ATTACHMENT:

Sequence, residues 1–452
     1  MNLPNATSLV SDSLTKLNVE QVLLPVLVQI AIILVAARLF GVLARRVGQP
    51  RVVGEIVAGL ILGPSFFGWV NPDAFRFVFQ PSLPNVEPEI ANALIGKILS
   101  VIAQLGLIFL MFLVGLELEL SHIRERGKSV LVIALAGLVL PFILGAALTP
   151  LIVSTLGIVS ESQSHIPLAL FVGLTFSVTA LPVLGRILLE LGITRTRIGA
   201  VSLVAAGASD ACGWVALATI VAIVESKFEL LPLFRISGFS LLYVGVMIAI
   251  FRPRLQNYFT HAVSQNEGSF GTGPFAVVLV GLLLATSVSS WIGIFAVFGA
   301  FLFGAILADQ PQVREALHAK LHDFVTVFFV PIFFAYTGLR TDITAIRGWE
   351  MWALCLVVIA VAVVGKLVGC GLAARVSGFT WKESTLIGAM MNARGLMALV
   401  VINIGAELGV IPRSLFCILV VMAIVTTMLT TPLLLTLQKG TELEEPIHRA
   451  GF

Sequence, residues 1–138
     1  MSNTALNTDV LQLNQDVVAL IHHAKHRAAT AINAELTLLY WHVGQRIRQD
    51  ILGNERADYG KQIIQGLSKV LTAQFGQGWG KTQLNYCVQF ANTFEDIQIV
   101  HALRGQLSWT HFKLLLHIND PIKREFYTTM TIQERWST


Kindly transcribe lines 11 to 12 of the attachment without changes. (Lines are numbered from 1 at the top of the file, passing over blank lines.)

   451  GF

Sequence, residues 1–138